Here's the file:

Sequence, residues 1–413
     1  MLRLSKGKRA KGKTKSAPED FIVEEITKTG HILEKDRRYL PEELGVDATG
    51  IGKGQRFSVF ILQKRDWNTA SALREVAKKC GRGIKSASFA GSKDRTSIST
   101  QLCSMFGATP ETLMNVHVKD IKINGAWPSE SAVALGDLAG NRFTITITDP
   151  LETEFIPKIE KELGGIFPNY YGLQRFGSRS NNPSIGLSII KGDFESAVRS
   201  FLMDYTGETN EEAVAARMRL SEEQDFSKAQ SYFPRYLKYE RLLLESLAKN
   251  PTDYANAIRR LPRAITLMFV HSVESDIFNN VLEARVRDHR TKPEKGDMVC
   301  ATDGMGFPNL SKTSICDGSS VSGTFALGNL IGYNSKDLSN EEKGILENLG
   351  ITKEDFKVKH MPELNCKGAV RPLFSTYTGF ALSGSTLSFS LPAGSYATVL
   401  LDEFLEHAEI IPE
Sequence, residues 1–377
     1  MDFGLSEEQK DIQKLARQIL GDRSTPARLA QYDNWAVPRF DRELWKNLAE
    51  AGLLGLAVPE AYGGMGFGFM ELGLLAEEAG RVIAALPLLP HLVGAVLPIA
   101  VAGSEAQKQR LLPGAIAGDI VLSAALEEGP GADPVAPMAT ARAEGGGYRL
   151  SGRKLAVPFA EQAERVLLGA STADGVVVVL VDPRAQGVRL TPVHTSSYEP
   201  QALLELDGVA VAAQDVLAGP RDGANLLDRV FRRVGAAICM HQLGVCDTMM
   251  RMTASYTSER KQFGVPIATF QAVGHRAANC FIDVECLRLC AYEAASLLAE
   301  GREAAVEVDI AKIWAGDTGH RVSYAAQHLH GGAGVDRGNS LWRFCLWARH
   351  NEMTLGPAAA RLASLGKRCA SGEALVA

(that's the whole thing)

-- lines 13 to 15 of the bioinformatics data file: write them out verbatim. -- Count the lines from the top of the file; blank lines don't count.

    51  AGLLGLAVPE AYGGMGFGFM ELGLLAEEAG RVIAALPLLP HLVGAVLPIA
   101  VAGSEAQKQR LLPGAIAGDI VLSAALEEGP GADPVAPMAT ARAEGGGYRL
   151  SGRKLAVPFA EQAERVLLGA STADGVVVVL VDPRAQGVRL TPVHTSSYEP